This meeting was also much ado about nothing, but Trump screamed about it till he was hoarse, so it became something. Lynch felt very responsible for any appearance of impropriety. The Republicans do things wrong all the time and get away with it. /2
It's not "whataboutism." It's that the Dems have to try extra hard to look absolutely squeaky clean lest the GOP and the press come down hard on them, while the GOP loots the country. #IOKIYAR /3 /END SUBTHREAD BACK TO THREAD
".. the [FBI] Director, [FBI] deputy director (DD), associate deputy director (ADD), [Assistant Director] for [FBI] OPA, and [FBI] OPA personnel designated by the [OPA Assistant Director] are authorized to speak to the media.” /1
This is the policy mentioned earlier, but no specifics yes as to what it refers to. /2/ END SUBTHREAD
Little more on the media policy: "While permissible, press conferences
“should be held only for the most significant and newsworthy actions, or if a
particularly important deterrent or law enforcement purpose would be served." Must refer to Comey's presser in July, but we'll see
"The provision of information from the Department and the FBI to Congress is
governed by Department policy guidance, the USAM, and FBI rules." Could this be about Chaffetz and Nunes getting info in advance?"
"The FBI’s status as the primary investigative agency of the federal
government makes its sharing of information with Congress of special concern." Yup, probably.
An aside: @nycsouthpaw is going through this too and he can do this ten times as well as I can.
"On August 17, 2009, then Attorney General Holder issued an updated memo
(“August 2009 Memo”) entitled Communications with Congress. The August 2009
Memo clarified that all inquiries from congressional officials should be directed to DOJ OLA." /1
“'[C]omponents should not communicate with members, committees, or
congressional staff without advance coordination with OLA.'" So, if this does turn out to refer to leaks from the FBI to Chaffetz and Nunes, that agent/those agents violated policy. /2 /END SUBTHREAD
"According to FBI documents, former Secretary Clinton and her husband, former
President Bill Clinton, had a private email server in their house... for use by former President Clinton’s staff." As I said earlier, Hillary used a server secure enough for a former POTUS.
The next couple pages basically recap what I said here.
"On March 3, 2015, the House Benghazi Committee sent preservation orders
requiring former Secretary Clinton to preserve emails on her servers." Yup. This was about Benghazi, GOP bete noire. Everyone knew and no one cared about HRC's server until the GOP needed SOMETHING on her.
Scroll scroll... more stuff I covered in 2016...
"Principal Associate Deputy Attorney General (PADAG) Matt Axelrod... [said], "Asked whether he considered the Midyear investigation to be criminal as of the date of this initial briefing, Axelrod replied, “Not in my view.” /1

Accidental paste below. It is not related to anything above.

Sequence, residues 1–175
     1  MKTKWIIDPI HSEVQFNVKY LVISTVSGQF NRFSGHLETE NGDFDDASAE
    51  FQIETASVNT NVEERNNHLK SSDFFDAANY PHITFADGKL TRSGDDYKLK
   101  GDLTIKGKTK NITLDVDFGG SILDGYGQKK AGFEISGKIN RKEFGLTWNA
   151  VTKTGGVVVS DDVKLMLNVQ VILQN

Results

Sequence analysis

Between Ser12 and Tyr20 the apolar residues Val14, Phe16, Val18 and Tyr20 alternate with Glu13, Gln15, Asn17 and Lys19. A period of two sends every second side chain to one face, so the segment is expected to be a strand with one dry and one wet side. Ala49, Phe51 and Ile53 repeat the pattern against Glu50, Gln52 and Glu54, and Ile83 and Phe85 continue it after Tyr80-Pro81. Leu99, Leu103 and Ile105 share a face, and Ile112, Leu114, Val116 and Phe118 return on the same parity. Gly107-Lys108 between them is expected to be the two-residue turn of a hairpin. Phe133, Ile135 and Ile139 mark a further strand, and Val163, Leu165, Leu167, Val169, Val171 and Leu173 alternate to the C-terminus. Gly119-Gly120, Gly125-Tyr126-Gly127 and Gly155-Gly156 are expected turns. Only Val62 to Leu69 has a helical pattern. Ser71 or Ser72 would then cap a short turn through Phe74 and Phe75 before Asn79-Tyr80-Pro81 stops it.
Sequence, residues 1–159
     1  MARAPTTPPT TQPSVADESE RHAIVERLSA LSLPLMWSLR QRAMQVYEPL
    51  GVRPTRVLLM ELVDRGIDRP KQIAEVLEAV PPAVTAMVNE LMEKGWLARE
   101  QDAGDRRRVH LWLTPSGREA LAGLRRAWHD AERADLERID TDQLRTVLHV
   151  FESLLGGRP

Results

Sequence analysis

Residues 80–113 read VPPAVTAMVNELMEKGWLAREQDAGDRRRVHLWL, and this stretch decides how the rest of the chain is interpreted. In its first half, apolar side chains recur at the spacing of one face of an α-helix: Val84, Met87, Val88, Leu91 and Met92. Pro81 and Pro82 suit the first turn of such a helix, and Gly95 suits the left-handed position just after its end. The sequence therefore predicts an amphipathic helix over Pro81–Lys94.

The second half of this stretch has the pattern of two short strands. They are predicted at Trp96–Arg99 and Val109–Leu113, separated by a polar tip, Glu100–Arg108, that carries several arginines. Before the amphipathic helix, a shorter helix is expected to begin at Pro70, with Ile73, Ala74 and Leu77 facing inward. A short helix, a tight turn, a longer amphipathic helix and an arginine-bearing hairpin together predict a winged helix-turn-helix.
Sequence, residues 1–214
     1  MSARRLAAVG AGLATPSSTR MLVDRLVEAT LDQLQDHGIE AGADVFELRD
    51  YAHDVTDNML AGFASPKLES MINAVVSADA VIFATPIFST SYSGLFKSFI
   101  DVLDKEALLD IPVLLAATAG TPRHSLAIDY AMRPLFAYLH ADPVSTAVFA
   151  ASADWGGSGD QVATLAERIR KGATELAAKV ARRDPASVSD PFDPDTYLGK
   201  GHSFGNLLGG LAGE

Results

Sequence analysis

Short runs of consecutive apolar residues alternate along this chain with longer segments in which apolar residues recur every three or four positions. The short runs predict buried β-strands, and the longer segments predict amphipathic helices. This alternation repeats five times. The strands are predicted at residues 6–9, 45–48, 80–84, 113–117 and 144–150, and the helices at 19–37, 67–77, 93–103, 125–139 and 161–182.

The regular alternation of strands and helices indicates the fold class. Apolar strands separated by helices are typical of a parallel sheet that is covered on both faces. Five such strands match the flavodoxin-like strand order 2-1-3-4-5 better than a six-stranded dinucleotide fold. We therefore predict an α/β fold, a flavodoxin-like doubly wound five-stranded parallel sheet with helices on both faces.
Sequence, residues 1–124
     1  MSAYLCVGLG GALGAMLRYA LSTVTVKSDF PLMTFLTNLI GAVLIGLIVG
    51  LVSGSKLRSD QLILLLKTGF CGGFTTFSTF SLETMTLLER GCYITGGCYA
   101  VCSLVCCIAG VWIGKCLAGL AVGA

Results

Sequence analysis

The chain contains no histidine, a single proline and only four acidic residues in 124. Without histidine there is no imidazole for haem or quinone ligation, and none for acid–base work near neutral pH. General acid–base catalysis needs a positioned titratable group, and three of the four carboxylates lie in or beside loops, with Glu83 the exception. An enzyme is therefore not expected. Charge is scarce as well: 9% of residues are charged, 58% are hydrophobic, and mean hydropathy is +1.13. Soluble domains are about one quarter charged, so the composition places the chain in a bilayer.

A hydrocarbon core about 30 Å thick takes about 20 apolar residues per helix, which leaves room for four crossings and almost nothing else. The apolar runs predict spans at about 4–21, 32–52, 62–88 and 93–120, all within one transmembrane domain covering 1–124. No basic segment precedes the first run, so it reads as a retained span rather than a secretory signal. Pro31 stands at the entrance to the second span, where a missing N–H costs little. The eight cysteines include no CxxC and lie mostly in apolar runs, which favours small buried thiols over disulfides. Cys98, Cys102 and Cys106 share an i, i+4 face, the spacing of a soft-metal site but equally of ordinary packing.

"it was some time...before I, at least I understood that it had morphed into a criminal investigation.” Same here. They were originally basically looking in general into whether classified information got out, and how to deal with that in the future. /2
I was also confused when it morphed into a criminal investigation, and it took me a while to realize that it had. I still have no idea why (though the rest of the report might shine a light on that), other than GOP bleating at the FBI. /3 /END SUBTHREAD
"The prosecutors and career Department staff assigned to the Midyear
investigation told us that they considered it a criminal investigation from early on. " So there was disagreement on this.
"Several FBI witnesses described the SSA as an experienced and aggressive agent,
and the SSA told us that he selected the 'four strongest agents' from his WFO
squad to be on the Midyear team." Um, they could've been used to investigate a foreign country attacking our election...
Oh, as for why this became such a priority, I'm sure the NYT's constant screeching about the e-mails was a factor as well. GOP and media opinion mattered more than whether there was anything to the case.
Sally Yates: "We recognized that the profile and import of this matter was such that we needed to make sure that things were done correctly." I reassert that the import of this matter should've been pretty low.
One of the things the FBI was looking for in HRC's e-mails: "Statements by former Secretary Clinton or others indicating whether Clinton used private servers for the purpose of evading laws." /1
The GOP thought she had something to hide because of Benghazi. But she hid nothing. Everyone for years saw her e-mails coming from and no one cared. The GOP was on a fishing expedition and the DOJ and FBI played along. /2
It calls back the '90s when the special counsels were investigating Whitewater and were told by GOP donors not to stop until they found *something*. Seven years of digging got them Lewinsky. Three years of digging on Benghazi got... e-mails. /3 END SUBTHREAD
"Comey told the OIG that during this meeting AG Lynch agreed they needed
to confirm the existence of the investigation, but she said not to use the word
'investigation,' and instead to call it a 'matter.'" Lynch was right. Why add fuel to a fire set by GOP arsonists?
Lots more on "matter" vs. "investigation." Try "nothingburger." I don't understand why after like two dozen dead-end, made-up investigations against the Clintons, the DOJ and FBI couldn't see a pattern of the GOP using them to score political points based on jack shit.
The report looked at this: "Obama also stated that the issue had been 'ginned up' because of the presidential race." He was right, and it was obvious. But he took shit for it. And then he also took shit when he didn't sound the alarm about #TrumpRussia. Damned if you do...